Themes from our conversation flowed into Lord Foster’s keynote address. “Why cities?” he asked the sold-out crowd. “Cities are the future. More people are living in cities and will be living in cities. You could say that cities are our greatest invention. What is a city? The infrastructure of the connections, public spaces, parks, bridges, boulevards, plazas, metro systems. These determine what makes one city different from another. It defines whether a city is beautiful or ugly. It determines its identity. It’s the urban glue which binds together the many individual buildings.” Lord Foster’s insights arose from his role as an urbanist concerned with infrastructure, and as an architect concerned with the impact of individual buildings.

Courtesy Architecture Sarasota. Photography by Kelsey Long/Olive Grey Photography

In addition to his keynote, Lord Foster toured a handful of Sarasota’s most architecturally significant homes—four of which were opened to guests of the Philip Hanson Hiss Award ceremony. “When we first began talking about what would make the perfect venue for this year’s Hiss Award celebration, we knew we wanted to have a setting that would pay homage to our Sarasota School roots but also acknowledge the contemporary work that’s being done by those who have been inspired by our past,” Anne Essner, board president of Architecture Sarasota, explains. “Clearly the Revere Quality House, by Paul Rudolph and Ralph Twitchell, and its Companion House, by Guy Peterson, check all boxes.” To complement this duo, Architecture Sarasota opened Abbot’s neighboring Butterfield House and, with it, a vista of Rudolph’s Cocoon House. Together, they formed a quartet of architectural achievement.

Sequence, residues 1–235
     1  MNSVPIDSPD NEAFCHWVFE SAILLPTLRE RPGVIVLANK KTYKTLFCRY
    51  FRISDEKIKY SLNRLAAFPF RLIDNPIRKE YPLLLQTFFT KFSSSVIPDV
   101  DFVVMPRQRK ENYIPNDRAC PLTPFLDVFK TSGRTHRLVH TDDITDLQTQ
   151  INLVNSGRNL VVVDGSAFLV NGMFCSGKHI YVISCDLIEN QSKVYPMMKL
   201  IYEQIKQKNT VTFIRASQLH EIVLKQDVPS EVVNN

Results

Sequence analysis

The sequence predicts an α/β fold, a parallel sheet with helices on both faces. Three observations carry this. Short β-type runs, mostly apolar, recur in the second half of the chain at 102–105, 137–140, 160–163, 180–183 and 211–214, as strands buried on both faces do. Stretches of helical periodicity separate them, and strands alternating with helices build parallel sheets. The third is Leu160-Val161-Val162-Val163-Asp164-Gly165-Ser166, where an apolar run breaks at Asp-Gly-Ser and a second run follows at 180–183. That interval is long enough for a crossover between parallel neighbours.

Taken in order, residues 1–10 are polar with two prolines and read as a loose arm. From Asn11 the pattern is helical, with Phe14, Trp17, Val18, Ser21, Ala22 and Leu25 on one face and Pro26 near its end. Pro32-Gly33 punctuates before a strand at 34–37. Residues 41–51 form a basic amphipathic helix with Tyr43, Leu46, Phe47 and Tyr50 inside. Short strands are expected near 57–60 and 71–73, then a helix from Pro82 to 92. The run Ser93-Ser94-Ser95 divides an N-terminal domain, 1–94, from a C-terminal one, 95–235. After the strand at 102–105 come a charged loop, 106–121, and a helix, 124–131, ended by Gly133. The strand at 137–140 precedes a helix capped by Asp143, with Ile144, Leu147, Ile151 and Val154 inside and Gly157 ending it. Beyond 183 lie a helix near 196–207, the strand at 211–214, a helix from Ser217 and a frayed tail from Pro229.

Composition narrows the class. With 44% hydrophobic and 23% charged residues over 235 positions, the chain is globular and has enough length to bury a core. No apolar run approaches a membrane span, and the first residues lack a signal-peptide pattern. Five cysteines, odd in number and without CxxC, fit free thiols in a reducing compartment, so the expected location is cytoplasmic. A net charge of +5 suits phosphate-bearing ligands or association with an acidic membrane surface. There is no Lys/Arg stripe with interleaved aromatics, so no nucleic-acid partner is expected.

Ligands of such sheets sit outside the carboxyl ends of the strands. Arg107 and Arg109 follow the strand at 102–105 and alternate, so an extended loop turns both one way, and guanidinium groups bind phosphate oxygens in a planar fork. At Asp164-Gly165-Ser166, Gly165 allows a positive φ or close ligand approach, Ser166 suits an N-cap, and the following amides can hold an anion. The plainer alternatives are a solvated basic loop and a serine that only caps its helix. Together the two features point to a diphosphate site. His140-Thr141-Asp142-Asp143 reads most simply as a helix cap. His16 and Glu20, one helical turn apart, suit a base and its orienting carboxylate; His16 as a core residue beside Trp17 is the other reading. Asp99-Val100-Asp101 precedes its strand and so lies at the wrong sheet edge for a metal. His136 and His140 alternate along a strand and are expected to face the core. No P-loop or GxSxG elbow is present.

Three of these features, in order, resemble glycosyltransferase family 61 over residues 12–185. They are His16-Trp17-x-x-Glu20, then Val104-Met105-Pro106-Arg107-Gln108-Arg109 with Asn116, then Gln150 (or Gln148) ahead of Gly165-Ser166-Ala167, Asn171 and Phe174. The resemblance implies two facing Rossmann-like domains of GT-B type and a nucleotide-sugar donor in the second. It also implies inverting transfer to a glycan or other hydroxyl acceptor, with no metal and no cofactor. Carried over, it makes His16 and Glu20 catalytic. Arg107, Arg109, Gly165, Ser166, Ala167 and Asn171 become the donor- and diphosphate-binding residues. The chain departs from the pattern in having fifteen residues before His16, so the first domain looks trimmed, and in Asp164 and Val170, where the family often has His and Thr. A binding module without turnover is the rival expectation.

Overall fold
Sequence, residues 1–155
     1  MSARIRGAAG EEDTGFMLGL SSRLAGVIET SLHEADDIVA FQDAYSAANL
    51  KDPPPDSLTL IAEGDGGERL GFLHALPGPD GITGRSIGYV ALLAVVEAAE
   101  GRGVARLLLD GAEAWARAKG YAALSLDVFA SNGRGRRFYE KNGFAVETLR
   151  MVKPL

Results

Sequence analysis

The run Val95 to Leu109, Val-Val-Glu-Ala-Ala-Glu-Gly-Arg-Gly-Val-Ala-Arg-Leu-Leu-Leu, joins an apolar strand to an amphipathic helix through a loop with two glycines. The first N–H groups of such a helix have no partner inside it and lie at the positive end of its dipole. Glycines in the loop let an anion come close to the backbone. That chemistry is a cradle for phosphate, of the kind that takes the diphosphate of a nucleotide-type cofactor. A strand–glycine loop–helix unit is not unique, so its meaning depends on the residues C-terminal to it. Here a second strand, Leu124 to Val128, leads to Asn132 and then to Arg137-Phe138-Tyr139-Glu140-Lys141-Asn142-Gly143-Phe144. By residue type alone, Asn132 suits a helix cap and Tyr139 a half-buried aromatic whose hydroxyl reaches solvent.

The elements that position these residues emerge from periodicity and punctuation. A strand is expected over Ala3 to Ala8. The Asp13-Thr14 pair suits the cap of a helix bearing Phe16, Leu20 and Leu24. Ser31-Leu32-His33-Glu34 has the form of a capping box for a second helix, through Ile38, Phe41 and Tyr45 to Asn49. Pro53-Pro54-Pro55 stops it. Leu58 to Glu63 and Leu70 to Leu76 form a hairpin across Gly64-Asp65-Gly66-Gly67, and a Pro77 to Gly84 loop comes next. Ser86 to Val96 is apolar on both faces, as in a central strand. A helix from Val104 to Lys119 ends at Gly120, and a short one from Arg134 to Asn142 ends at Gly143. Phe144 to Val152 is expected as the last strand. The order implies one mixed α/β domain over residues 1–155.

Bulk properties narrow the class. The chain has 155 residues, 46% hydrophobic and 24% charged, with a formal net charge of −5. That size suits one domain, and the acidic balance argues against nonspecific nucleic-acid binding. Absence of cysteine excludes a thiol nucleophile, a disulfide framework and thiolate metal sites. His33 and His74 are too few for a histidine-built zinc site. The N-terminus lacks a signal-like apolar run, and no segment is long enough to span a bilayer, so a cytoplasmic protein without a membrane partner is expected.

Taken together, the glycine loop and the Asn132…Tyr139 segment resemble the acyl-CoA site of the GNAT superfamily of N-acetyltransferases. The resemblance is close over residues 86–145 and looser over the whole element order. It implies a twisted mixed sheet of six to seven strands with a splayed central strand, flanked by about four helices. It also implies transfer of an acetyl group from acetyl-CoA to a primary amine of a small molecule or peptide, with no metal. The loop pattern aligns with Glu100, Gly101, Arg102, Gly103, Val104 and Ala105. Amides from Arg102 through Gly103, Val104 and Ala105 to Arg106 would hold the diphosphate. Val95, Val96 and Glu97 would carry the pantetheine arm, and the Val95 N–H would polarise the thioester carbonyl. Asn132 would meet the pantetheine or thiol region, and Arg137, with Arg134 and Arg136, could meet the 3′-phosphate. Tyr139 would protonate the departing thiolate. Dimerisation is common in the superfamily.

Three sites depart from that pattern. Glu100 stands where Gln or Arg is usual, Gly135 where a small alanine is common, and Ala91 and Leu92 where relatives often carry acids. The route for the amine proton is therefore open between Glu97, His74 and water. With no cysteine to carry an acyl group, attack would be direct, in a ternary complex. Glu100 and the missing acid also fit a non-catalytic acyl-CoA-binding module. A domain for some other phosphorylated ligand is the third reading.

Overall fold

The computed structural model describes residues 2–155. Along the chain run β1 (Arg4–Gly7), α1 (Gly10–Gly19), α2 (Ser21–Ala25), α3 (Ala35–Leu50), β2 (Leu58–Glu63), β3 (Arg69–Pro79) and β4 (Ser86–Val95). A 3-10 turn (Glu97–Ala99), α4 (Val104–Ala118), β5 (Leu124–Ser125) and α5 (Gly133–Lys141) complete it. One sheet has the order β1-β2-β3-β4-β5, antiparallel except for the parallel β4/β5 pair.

Photo by Sean Harris

“Part of my work here is to ensure that young people have the opportunity to see modern architecture and to understand the importance of design and how it affects our lives,” concludes Marty Hylton, the president of Architecture Sarasota. With programs like the Moderns That Matter, international attention from pioneers like Lord Foster and an ingrained cultural richness to the city itself, Hylton, Essner and Architecture Sarasota will surely continue to inform and inspire.